The reason for the asymmetry is that Latin letters typically have more height than depth, so the baseline of a text row is typically positioned such that 70% of the space is above the baseline and 30% below.
So you see the same thing if you use
\baselinestretch to doublespace rows, the height and depth of a line is increased so typically the space above the top line is increased by more than the space below the last.
In tables the table rows are stacked one above the other with no spacing, and even spacing is achieved by adding a
\strut a 0-width rule that as height and depth set to the normal baseline spacing.
\arraystretch works by simply multiplying the size of the strut so since its height is more than its depth, the height of the strut gets more added space.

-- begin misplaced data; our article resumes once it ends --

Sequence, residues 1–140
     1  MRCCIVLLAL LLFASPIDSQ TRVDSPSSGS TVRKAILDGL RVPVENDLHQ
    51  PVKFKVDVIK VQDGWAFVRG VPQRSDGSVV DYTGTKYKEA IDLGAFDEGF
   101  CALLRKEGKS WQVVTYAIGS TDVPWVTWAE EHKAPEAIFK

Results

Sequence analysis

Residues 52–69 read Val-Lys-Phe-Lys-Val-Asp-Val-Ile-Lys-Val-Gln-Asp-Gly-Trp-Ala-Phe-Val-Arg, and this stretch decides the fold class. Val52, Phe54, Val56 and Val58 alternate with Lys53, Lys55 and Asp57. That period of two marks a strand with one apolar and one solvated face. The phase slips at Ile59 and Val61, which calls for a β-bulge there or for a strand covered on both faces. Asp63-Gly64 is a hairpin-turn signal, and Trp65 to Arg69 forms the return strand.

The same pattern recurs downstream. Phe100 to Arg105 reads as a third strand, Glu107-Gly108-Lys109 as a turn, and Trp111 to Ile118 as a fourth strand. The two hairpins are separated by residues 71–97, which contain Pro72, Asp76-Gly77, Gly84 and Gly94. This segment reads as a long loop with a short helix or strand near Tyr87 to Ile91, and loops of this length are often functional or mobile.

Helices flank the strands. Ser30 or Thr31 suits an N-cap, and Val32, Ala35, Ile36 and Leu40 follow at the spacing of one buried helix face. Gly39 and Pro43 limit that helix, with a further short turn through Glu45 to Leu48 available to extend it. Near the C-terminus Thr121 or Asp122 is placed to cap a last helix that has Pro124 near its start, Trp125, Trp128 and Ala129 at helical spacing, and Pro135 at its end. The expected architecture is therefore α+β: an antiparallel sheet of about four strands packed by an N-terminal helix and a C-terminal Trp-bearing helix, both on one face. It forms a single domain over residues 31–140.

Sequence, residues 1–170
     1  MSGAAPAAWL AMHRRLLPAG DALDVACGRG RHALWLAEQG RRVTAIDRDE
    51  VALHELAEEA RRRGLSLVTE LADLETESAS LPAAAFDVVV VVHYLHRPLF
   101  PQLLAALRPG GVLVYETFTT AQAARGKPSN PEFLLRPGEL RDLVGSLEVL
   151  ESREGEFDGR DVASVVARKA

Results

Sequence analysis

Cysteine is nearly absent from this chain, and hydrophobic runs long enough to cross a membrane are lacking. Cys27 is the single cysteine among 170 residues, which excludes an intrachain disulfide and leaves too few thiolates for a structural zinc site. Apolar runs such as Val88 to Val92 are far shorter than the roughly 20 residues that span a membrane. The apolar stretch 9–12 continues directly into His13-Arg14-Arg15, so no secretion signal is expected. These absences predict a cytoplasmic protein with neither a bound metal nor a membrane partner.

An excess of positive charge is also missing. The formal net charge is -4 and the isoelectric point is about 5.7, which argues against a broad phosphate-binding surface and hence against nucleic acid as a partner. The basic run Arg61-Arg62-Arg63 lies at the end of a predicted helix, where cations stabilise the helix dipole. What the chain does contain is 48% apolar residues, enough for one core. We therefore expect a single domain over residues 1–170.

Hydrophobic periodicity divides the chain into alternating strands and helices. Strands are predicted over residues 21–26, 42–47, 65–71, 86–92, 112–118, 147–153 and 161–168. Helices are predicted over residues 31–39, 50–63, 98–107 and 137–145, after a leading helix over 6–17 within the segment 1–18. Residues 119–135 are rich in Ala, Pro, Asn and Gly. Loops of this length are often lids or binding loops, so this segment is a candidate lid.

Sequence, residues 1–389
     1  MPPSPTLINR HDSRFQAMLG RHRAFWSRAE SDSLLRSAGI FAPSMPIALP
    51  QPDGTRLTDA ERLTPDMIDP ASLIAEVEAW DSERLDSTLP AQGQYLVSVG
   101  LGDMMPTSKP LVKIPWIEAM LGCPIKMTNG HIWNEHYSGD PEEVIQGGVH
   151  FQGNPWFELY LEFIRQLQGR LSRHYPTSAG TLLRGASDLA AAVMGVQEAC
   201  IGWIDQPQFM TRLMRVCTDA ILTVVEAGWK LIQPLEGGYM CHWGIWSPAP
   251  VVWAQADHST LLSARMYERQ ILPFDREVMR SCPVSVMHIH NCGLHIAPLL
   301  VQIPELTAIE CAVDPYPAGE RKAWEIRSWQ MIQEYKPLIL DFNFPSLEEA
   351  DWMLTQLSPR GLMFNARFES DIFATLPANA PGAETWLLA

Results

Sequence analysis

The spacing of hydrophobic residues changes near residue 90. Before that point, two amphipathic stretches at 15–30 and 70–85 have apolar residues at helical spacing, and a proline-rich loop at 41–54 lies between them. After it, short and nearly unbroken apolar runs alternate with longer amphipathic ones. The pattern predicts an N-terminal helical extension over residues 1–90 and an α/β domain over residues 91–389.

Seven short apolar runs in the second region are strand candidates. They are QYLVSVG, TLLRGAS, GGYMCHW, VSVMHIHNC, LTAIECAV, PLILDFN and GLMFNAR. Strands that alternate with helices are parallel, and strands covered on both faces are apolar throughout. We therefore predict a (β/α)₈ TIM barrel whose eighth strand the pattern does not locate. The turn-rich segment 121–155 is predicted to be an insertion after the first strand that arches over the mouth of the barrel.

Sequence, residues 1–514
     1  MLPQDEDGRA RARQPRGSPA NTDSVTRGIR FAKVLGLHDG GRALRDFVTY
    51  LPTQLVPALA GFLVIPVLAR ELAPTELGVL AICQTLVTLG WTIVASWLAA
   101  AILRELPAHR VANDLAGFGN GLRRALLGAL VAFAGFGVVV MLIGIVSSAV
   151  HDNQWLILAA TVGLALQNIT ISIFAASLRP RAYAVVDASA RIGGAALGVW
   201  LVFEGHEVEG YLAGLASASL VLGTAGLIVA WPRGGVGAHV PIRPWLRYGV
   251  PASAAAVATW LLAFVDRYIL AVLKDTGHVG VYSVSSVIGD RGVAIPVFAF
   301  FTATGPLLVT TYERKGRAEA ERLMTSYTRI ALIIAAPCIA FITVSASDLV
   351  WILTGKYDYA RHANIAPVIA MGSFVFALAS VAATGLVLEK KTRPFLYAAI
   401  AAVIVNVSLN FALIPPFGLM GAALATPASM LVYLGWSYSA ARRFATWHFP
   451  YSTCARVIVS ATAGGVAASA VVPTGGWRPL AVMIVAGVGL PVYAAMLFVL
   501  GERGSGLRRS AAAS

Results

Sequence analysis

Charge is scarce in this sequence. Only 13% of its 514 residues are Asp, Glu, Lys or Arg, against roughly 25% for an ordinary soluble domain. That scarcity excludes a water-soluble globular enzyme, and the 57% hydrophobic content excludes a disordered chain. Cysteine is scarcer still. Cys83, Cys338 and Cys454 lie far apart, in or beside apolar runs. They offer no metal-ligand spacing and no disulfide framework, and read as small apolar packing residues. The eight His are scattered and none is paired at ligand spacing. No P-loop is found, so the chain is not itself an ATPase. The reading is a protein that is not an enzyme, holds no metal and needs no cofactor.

array package adds an extra feature
\addtorowheight which adds to the height of the strut, you could copy its internals to give a command to add to the depth, but actually if you use a multiplier to get the depth right you can always fix up the height by adding (subtracting). so
This is a one row one column table.\\\hline